July 2013
Volume 13, Issue 9
Vision Sciences Society Annual Meeting Abstract  |   July 2013
Viewpoint Independence in Implicit Scene Learning
Author Affiliations
  • Zhongting Wang
    Academy of Psychology and Behavior,Tianjin Normal University,Tianjin,China
  • Shiyi Li
    Academy of Psychology and Behavior,Tianjin Normal University,Tianjin,China
  • Haibo Yang
    Academy of Psychology and Behavior,Tianjin Normal University,Tianjin,China
  • Deli Shen
    Academy of Psychology and Behavior,Tianjin Normal University,Tianjin,China
  • Xuejun Bai
    Academy of Psychology and Behavior,Tianjin Normal University,Tianjin,China
  • Hong-jin Sun
    Department of Psychology, Neuroscience & Behaviour, McMaster University, Canada
Journal of Vision July 2013, Vol.13, 219. doi:https://doi.org/10.1167/13.9.219
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      Zhongting Wang, Shiyi Li, Haibo Yang, Deli Shen, Xuejun Bai, Hong-jin Sun; Viewpoint Independence in Implicit Scene Learning. Journal of Vision 2013;13(9):219. https://doi.org/10.1167/13.9.219.

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      © ARVO (1962-2015); The Authors (2016-present)

  • Supplements

It has been well established that repeated configurations of random elements induce better search performance than that of the displays of novel random configurations (contextual cueing effect). However, whether spatial learning can be transferred to a different viewpoint of a 3D scene has not been well studied. In this study we examined search behavior in a computer rendered illustration of a realistic scene. Participants viewed the scene (with the viewpoint at 30 degrees above the ground) consisted of an array of chairs randomly positioned on the ground. Observers were presented with a sequence of trials in which they searched for and identified an arbitrarily located target letter positioned on the surface of the seat of the chair. In the training session, participants completed 20 blocks of 16 search trials. Eight of the trials in each block were in the repeated condition where a particular target location was consistently paired with a particular array. The other 8 trials were in the novel condition, where a target was presented on a chair within a randomly generated search array. The training session was followed by a transfer session of 5 blocks, in which the viewpoints of the scene were rotated for 40 degrees on the ground plane. Significant contextual cuing was found in the training session, with faster RTs in the repeated condition than in the novel condition as participants learned the relationship between repeated layout and target location. Contextual cuing with comparable magnitude was also found after the change of viewpoint, suggesting view-independent representation of the scene. Contrary to viewpoint dependency found by Chua and Chun (2003), our results suggest that when the scene contained clear indication of the view change (from ground texture and individual chairs), the spatial relation learned during training can be mentally transformed to a new viewpoint.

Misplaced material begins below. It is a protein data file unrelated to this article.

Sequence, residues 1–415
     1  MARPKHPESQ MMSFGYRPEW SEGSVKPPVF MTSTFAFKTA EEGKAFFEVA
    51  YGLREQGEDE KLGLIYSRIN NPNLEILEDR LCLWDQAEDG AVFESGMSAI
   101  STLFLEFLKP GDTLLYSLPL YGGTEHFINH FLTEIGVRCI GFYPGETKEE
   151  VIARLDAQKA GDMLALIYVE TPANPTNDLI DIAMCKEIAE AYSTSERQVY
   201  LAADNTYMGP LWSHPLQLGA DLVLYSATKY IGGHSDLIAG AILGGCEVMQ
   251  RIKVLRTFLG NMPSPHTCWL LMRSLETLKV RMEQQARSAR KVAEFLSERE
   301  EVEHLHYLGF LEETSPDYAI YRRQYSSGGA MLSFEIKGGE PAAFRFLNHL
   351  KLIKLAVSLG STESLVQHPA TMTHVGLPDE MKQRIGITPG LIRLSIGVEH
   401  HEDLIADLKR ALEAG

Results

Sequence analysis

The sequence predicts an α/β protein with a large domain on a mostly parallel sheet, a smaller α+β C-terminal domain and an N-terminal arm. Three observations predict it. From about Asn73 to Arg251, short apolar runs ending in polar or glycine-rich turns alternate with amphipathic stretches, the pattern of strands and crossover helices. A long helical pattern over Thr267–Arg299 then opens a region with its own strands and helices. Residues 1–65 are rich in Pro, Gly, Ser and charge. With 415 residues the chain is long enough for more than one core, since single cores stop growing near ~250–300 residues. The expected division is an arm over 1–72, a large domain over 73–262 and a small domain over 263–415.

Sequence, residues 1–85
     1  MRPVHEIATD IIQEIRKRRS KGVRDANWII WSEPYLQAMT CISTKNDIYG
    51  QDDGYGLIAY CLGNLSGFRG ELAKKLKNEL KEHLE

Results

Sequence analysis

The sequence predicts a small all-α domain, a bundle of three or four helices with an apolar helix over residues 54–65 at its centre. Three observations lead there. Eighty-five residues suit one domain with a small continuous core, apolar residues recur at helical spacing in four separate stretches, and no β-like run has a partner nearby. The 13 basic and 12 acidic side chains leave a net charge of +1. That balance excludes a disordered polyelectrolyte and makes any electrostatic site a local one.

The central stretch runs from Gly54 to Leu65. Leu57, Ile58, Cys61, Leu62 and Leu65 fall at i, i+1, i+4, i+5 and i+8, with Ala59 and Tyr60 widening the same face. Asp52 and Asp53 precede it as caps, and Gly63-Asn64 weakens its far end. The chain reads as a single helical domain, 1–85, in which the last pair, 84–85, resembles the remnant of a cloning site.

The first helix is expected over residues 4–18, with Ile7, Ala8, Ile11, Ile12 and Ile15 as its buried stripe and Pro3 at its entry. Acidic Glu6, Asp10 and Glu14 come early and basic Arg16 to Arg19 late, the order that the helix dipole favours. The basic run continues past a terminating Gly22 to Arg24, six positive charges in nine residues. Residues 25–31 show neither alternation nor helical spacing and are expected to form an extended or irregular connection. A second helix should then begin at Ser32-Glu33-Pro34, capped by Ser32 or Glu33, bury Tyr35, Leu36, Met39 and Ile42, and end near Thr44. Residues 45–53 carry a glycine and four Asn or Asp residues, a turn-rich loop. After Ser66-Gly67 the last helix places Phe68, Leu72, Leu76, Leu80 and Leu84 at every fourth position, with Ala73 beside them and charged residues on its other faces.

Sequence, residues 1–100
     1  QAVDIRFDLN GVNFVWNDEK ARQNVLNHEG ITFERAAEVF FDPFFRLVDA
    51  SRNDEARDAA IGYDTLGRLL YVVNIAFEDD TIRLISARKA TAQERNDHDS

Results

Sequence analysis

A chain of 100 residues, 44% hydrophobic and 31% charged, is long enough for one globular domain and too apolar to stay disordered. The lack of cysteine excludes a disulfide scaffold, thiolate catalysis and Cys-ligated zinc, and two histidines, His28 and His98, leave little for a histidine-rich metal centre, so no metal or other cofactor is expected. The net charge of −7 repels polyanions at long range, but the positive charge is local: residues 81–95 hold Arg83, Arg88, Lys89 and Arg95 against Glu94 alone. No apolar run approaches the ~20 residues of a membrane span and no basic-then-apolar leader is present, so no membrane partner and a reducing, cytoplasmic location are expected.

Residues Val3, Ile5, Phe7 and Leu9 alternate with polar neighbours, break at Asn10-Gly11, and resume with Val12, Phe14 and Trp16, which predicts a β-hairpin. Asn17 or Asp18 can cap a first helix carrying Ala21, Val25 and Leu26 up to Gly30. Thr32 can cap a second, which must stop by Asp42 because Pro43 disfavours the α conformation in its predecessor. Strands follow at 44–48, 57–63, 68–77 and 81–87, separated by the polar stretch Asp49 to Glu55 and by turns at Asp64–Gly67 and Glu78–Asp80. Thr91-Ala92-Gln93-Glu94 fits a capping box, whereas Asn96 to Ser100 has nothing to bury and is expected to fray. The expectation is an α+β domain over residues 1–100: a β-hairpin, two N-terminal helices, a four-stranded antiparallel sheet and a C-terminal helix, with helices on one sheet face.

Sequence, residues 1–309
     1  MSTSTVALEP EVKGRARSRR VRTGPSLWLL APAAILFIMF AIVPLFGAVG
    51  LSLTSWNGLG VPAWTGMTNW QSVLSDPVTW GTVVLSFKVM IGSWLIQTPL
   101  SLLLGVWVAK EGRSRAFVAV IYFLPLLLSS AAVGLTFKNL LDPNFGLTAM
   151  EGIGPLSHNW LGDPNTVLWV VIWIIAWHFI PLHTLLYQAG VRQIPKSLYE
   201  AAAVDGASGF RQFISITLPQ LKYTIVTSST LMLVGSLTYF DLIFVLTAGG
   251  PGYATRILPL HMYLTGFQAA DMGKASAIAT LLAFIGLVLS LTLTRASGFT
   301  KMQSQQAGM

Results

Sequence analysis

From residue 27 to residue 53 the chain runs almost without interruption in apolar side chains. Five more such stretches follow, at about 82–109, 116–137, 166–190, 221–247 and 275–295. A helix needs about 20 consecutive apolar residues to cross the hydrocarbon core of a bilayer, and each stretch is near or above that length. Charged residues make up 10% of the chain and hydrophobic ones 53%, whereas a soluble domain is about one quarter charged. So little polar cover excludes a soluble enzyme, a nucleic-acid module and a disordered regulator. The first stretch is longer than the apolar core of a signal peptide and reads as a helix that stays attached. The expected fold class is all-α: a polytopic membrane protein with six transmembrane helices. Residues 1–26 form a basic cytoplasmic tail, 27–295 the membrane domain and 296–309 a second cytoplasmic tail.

Meeting abstract presented at VSS 2013


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